“We talk often about the importance of the transportation system to the state’s economy and how it benefits everyone regardless of where the infrastructure is built,” said state Transportation Secretary Paula Hammond. “The Tacoma construction site is a terrific example of immediate, family-wage jobs that the SR 520 program has generated in Pierce County. We are grateful for our regional partnerships as we construct a bridge that will last for 75 years or more.”

Pierce County Executive Pat McCarthy emphasized the importance of the SR 520 bridge replacement to both the Puget Sound region economy and its quality of life.

“Our region’s economy depends on a thriving two-way trade – and that trade can only happen on a strong, effective transportation system across the state,” said McCarthy, who also serves as vice president of the Puget Sound Regional Council executive board. “Transportation projects like the SR 520 Bridge Replacement and HOV Program are never just about one county or city – they support us all. That’s why we must continue to invest in a system that moves people and goods across our state.”

Port of Tacoma Commissioner Connie Bacon said, “It has been gratifying to see pieces of this key regional transportation project take shape here in the port industrial area. We applaud transportation investments that keep people and goods moving and contribute jobs to our trade-rich state.”

The pontoons built in Tacoma, known as supplemental pontoons, will provide stability and flotation when attached to longer longitudinal pontoons built in Aberdeen. The supplemental pontoons each weigh 2,500 to 2,820 tons and measure 100 feet long, 50 to 60 feet wide and about 28 feet tall.

Two of the pontoons from the latest cycle will be towed to Lake Washington this week and four will remain in Tacoma until additional longitudinal pontoons arrive on the lake. During the course of bridge construction, 44 Tacoma pontoons will be joined with 33 pontoons built in Aberdeen for a total of 77 pontoons needed to construct the world’s longest floating bridge.

“Tacoma is proud of the industry that has kept our economic engine humming through difficult times,” said Tacoma Mayor Marilyn Strickland. “Tacomans love bridges, and we’ve helped build the second Tacoma Narrows Bridge, the Hood Canal Bridge and now SR 520. We’re proud to be part of the team that is building a floating bridge that will serve the Puget Sound region for generations to come and is the longest in the world, to boot!”

The SR 520 Floating Bridge and Landings Project replaces the vulnerable floating bridge and approaches. Contractor Kiewit/General/Manson, A Joint Venture, has a $586.6 million contract to build the floating bridge, anchors and 44 supplemental pontoons. Construction is under way on Lake Washington. The floating bridge contract requires the new, six-lane SR 520 floating bridge to open to traffic by July 2015, but includes incentives for an earlier opening in December 2014.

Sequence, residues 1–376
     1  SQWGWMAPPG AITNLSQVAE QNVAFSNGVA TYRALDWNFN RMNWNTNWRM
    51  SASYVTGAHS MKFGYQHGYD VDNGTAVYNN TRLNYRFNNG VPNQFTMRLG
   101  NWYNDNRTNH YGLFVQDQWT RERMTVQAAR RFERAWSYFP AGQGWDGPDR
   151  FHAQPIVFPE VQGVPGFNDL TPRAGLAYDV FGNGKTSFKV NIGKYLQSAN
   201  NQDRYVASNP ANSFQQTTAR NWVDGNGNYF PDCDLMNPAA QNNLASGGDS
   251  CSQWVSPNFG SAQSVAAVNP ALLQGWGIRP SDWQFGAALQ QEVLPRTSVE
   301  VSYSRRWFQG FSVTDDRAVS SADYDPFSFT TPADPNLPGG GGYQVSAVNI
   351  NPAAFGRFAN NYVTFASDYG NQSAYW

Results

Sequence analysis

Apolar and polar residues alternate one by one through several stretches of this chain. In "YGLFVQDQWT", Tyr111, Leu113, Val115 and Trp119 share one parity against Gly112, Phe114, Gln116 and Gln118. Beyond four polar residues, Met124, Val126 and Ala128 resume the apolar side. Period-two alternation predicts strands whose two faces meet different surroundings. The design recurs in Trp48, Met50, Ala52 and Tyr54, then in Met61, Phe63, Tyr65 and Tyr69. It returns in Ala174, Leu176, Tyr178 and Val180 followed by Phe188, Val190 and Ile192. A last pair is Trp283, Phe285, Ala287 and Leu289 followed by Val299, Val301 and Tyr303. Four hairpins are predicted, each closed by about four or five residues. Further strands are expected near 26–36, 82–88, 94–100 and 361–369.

Deputy Mayor Marty Campbell and Council Member David Boe have recently been appointed to serve as chairman and vice-chairman of the city’s Economic Development Committee, respectively. Combined, they have 40 years of experience as business owners.

"As members of this committee, Council Members Campbell and Boe have been working with City staff and other stakeholders to develop an economic development framework for Tacoma. With a continued emphasis on entrepreneurship, neighborhood business districts and land use, we can be strategic and focus on leveraging our assets," said Mayor Marilyn Strickland.

The Economic Development Committee reviews, evaluates and proposes economic development concepts, initiatives and policies that affect Tacoma’s business climate, neighborhood business districts, downtown and the waterfront, regional issues and opportunities, tourism, historic preservation, capital projects planning, development, and other related topics.

“I’m looking forward to many robust discussions about economic development in Tacoma," said Campbell, who was elected to the City Council in 2009. "We have a strong committee that brings experience and ideas from many different perspectives. The last few years have been difficult, and we need to make sure Tacoma is well positioned as we come out of the recession."

Campbell has been a retail business owner and advocate by leading organizations such as the Downtown Merchant’s Group and the Cross District Business Association, and by helping launch Go Local Tacoma. Boe owns and operates BOE architects, PLLC, located in downtown Tacoma. Before being elected to the City Council in 2011, he served on the Planning Commission and the Tacoma Arts Commission.

Economic Development Committee members include Council Members Lauren Walker and Ryan Mello.

University Dental Tacoma Arts Month